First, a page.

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The Magna Carta and the Bill of Rights

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There is a widespread opinion on both sides of the Atlantic that as the Magna Carta is to the British attachment to rights, the American version of this attachment is to be found in the U.S. Bill of Rights. Sometimes we hear more: that not only the origin, but also the substance of the U.S. version, is to be found in the Magna Carta.

To be sure, we have to start the rights narrative somewhere and since participants in the rights debate over 400 years don’t seem inclined to go further back than the Magna Carta, it seems reasonable to start there. And despite the feudal language and medieval concerns that run through, and thus date, the document, there is something enduring there that appeals to subsequent generations.

We suggest that the enduring quality is an appeal through the centuries that those who govern us do so in a reasonable manner. And all the better to secure the proposition that rulers exercise their power in a reasonable manner, we write down what we think is unreasonable conduct. Thus a list of what those in authority can’t do emerges.

In particular, we might say that the Magna Carta calls for the rule of law in opposition to the rule of unreasonable men. Furthermore, the rule of law is to be secured by an attachment to the due process of law.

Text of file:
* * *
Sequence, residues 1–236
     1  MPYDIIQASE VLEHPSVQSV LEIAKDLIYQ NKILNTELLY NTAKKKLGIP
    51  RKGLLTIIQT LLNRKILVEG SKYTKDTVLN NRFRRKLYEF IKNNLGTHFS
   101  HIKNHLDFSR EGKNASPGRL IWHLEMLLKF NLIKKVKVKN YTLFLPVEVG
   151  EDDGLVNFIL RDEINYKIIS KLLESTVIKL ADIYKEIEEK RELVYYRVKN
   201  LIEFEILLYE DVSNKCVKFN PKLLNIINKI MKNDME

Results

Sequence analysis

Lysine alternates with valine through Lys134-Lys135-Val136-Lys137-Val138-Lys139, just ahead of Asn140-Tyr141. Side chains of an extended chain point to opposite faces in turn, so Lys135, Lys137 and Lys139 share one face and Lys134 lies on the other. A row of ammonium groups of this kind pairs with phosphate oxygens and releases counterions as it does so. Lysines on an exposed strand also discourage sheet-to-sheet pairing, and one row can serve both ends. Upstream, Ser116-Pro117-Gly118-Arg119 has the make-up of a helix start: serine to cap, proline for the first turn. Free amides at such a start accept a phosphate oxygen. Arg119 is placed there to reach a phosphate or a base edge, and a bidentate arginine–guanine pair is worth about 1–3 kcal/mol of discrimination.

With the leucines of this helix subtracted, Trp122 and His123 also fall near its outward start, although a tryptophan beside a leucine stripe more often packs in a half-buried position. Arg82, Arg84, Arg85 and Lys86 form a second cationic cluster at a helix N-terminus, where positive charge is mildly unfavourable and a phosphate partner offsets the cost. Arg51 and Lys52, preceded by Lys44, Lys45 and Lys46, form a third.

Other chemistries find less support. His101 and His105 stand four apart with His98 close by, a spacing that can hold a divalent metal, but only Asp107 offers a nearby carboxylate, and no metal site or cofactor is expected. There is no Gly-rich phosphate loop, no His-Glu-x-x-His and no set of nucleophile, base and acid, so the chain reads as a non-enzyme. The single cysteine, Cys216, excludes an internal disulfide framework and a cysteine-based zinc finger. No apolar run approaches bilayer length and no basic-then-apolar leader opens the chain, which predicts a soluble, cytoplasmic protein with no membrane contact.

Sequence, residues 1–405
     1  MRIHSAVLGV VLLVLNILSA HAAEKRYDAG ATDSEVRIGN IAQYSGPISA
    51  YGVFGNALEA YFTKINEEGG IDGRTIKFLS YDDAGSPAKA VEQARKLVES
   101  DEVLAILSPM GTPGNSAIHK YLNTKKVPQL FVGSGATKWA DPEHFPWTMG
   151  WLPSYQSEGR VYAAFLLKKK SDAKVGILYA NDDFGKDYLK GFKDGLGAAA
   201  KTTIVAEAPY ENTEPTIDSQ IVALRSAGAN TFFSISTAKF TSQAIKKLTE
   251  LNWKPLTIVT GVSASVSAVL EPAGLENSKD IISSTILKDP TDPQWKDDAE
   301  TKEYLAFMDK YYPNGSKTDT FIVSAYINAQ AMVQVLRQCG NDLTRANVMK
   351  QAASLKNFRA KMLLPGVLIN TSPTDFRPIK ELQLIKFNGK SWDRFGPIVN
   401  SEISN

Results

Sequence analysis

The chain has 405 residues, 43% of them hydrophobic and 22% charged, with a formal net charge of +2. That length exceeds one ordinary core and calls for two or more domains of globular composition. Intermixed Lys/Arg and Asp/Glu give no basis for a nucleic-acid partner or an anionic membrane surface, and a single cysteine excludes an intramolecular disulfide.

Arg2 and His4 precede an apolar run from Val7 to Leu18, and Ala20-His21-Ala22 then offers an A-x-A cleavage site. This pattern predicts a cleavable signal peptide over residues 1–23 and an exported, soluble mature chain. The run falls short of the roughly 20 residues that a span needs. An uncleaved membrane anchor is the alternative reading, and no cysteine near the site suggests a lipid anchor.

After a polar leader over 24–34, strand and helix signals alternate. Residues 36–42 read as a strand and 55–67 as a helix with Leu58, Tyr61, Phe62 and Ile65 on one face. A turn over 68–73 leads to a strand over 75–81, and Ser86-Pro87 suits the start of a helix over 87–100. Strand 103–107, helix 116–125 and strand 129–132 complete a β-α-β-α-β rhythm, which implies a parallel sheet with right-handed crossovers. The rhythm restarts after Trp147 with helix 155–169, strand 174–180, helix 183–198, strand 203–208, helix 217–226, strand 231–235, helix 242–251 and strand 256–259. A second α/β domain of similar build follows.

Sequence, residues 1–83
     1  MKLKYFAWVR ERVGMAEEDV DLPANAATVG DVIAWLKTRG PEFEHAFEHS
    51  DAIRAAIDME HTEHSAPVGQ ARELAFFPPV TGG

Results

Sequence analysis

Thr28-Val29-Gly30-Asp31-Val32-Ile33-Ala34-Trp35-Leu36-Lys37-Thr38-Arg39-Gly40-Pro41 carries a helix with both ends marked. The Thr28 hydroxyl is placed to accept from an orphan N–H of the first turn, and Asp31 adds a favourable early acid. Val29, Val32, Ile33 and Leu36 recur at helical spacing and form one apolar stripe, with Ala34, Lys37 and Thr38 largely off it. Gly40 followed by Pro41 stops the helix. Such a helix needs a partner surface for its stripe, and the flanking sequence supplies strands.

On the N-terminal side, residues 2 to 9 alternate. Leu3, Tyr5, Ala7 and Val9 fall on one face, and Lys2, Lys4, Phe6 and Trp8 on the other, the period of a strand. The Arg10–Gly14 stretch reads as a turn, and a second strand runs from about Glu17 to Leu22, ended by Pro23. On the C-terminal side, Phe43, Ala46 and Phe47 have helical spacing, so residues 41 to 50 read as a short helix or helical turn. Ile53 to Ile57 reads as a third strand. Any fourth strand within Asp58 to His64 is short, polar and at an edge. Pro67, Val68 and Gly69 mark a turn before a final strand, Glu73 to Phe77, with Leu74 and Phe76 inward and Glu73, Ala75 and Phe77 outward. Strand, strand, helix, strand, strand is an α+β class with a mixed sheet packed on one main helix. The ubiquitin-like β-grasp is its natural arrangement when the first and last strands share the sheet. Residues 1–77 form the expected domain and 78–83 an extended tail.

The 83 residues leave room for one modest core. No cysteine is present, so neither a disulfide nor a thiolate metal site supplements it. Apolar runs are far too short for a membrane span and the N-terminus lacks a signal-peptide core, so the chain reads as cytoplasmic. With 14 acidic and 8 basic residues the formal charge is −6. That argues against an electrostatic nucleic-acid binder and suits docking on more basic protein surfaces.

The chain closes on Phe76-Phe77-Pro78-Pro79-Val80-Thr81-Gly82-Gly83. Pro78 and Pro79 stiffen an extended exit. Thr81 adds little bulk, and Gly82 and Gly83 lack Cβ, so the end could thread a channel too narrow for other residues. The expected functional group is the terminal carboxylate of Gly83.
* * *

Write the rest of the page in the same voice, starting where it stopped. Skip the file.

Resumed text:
The question then is how much of the Magna Carta made its way into the U. S. Bill of Rights? The answer is 9 of the 26 provisions in the Bill of Rights can be traced back to the Magna Carta. That’s about a third or 33%. And these provisions are heavily concerned with the right to petition and the due process of law.

The Magna Carta does not call for an abolition of the monarchy or a change in the feudal order. Nor does it call for religious freedom or freedom of the press. The U.S. Bill of Rights, however, presupposes the abolition of monarchy and feudalism; the American appeal to natural rights raises the question of religious freedom and freedom of the press.

So, we have two influences on the U.S. Bill of Rights: 1) the Magna Carta due process tradition that is incorporated in a third of the Bill of Rights and 2) the American home grown tradition of natural rights that is incorporated in two-thirds of the Bill of Rights.